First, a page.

Since 1949, May has been designated Mental Health Awareness Month in the United States. Awareness of mental health conditions is extremely important, as approximately 20% of the US population has some form of mental illness, the most common being depression or anxiety related conditions. The prevalence of mental illness is common in children as well as adults, and can affect–or be affected by–other physical health conditions. According to statistics “Adults in the U.S. living with serious mental illness die on average 25 years earlier than others, largely due to treatable medical conditions.”
It is crucial that people experiencing symptoms related to mental health seek treatment (only around half of the individuals with mental illness receive treatment currently for their mental illnesses).
This year’s focus on mental health is centered on animal companionship and support animals. Learn more about this year’s theme by visiting Mental Health Month.
Diabetes- people who are diagnosed with diabetes are at greater risk of depression, eating disorders, and other mental health conditions. The fear of managing diabetes and maintaining a consistent healthy blood sugar can cause stress, anxiety, and compulsive behaviors. When blood sugar is too high or too low, it can also lead to fatigue, foggy thinking, and anxious thoughts. If you have diabetes and are learning how to take care of your health, please speak with your doctor about your mental health as well.
Heart Disease- like diabetes, heart disease will affect general mental health for the same reasons–stress and worry. Likewise, people who experience depression are often at greater risk of heart disease due to unhealthy behaviors, including poor nutritional choices and excessive consumption of alcohol. Keep your heart and your brain healthy by speaking with your doctor about your mental and emotional health and seeking counseling if depression is causing unhealthy or dangerous choices.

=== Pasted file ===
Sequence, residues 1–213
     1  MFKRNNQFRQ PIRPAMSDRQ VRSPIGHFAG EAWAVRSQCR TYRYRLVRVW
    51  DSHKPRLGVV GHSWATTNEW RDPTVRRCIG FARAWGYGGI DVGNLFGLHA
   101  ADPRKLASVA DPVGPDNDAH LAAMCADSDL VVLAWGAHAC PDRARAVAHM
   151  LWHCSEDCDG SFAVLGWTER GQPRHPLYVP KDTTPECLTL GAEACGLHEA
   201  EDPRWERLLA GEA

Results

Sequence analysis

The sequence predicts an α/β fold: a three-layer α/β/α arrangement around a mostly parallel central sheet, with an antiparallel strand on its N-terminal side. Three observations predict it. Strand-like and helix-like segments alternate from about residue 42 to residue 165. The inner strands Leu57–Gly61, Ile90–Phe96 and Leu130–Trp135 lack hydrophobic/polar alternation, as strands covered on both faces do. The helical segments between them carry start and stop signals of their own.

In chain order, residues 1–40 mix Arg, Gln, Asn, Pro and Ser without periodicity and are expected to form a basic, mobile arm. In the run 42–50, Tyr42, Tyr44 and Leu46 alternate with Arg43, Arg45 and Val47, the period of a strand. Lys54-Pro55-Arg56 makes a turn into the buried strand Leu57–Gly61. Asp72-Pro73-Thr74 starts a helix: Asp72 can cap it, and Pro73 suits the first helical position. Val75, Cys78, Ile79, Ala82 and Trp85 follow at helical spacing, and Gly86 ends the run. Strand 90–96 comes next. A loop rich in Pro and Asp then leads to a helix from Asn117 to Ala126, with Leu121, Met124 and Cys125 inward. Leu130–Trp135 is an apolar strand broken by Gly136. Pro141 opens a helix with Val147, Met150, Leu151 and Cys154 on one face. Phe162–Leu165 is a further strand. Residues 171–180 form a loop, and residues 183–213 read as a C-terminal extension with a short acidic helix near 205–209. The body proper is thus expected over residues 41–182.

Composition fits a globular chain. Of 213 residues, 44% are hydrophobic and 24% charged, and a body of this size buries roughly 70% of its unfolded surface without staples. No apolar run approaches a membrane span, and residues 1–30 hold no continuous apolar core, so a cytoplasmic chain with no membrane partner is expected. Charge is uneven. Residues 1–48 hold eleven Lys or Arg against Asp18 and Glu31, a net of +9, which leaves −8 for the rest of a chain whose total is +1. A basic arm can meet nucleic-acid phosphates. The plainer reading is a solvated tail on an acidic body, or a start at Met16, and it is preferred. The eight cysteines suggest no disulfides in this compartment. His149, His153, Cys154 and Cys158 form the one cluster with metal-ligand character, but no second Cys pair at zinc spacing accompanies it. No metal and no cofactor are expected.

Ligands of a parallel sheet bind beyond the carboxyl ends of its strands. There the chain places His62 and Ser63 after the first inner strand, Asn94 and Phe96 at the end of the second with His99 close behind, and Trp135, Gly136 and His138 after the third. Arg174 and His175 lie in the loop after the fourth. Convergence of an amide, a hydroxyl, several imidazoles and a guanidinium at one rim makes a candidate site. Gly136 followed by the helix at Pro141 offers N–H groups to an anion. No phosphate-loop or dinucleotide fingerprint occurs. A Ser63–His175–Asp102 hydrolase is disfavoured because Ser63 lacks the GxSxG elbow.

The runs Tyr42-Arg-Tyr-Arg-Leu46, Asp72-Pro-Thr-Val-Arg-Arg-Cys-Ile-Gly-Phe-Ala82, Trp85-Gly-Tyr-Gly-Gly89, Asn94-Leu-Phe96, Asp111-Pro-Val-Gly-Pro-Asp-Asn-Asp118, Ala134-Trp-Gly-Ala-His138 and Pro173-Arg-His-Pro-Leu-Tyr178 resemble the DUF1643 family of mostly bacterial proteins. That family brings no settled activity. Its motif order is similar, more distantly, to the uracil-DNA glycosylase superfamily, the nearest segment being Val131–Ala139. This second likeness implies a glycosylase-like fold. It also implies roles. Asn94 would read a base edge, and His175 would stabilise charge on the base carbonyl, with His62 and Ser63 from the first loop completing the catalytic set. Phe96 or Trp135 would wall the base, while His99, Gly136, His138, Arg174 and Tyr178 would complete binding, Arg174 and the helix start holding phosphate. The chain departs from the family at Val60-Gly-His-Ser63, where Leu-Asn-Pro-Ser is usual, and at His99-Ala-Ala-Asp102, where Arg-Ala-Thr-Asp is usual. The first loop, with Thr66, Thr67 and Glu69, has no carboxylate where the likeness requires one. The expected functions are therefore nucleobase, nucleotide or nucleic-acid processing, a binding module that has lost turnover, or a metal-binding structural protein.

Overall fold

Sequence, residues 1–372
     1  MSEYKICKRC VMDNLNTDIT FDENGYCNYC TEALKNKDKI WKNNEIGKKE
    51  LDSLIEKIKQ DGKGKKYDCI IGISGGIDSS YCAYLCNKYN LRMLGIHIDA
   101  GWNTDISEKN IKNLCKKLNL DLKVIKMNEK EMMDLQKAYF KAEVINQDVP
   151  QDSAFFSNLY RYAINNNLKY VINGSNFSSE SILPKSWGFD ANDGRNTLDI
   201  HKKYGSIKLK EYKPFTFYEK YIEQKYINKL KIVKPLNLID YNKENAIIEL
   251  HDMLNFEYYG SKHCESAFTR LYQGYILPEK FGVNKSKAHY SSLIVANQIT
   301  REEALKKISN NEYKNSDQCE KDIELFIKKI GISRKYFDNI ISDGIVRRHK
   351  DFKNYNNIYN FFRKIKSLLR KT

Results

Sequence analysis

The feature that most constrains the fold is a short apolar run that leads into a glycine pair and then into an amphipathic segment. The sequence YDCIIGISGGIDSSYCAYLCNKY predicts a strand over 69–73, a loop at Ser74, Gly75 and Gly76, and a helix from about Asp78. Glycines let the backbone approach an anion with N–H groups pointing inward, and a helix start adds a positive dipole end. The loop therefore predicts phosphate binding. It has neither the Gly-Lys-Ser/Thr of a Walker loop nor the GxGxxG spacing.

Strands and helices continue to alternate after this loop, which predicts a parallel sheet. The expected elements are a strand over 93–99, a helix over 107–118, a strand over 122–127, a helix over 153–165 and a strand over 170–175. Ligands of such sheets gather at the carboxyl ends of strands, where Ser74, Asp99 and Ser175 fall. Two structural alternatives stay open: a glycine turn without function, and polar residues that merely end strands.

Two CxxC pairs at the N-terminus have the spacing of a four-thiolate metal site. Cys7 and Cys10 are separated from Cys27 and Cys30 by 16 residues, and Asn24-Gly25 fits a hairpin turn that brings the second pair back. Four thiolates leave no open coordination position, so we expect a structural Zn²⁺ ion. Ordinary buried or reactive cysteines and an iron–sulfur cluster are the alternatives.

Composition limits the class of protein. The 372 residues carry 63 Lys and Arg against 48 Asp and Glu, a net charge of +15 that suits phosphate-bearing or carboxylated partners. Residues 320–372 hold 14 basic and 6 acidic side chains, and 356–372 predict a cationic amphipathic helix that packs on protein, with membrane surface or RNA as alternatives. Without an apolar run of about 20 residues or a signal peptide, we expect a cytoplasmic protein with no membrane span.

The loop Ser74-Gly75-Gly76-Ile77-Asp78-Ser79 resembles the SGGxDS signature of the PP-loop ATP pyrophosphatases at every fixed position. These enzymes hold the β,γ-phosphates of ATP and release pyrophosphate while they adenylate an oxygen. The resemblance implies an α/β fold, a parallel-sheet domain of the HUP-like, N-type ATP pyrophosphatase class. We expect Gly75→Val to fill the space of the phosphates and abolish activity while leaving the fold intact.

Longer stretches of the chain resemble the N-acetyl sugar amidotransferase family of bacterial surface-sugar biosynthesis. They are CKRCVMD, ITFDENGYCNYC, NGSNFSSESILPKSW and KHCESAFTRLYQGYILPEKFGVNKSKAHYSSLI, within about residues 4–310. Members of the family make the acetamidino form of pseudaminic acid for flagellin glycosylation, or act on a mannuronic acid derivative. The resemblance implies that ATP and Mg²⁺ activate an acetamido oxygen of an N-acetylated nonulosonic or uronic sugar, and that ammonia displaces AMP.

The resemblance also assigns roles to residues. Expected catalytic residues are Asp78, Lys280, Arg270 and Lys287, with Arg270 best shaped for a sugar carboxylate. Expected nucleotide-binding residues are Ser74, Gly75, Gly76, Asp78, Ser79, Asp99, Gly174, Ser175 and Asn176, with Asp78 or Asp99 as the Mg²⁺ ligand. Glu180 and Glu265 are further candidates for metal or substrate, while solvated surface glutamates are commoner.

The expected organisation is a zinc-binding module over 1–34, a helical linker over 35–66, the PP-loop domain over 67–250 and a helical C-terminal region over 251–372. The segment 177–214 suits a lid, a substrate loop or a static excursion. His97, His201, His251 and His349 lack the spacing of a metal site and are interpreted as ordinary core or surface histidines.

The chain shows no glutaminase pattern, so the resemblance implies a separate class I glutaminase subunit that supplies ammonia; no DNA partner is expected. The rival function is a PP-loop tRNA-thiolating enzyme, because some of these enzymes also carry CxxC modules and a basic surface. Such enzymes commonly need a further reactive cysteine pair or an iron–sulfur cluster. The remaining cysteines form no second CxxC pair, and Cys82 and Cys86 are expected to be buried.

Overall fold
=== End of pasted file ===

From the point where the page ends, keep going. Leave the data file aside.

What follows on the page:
Caregivers- Caregiver month is officially recognized in November, but it is important to emphasize the mental health strain on people who care for loved ones experiencing medical health conditions. Caregivers often experience increased levels of stress and anxiety and often feel unprepared for the roles they have taken. It is important for caregivers to take time for their own mental and physical health and seek counseling or support groups to help them in their roles.
If you are experiencing mental or emotional distress, please know there are resources available for support.
In the event of an emergency–if your life or someone else’s is at risk– please call 911.
If you are experiencing mental distress or suicidal thoughts, the suicide hotline is available at 1-800-273-8255. They also have an online chat available for those who prefer to speak to someone via text. https://suicidepreventionlifeline.org/chat/
The Trevor Project is focused on assisting youth/teens who identify as LGBTQ+ and can be reached at 1-866-488-7386. They also have a chat feature on their site.
For more information on mental health and ways to boost mental health, see http://www.mentalhealthamerica.net/may
Note: The information in this post is for informational purposes and is not intended as medical advice. Please contact your doctor or counselor for advice regarding your specific needs.
Image credit: https://pixabay.com/illustrations/mental-health-psychology-psychiatry-2313428/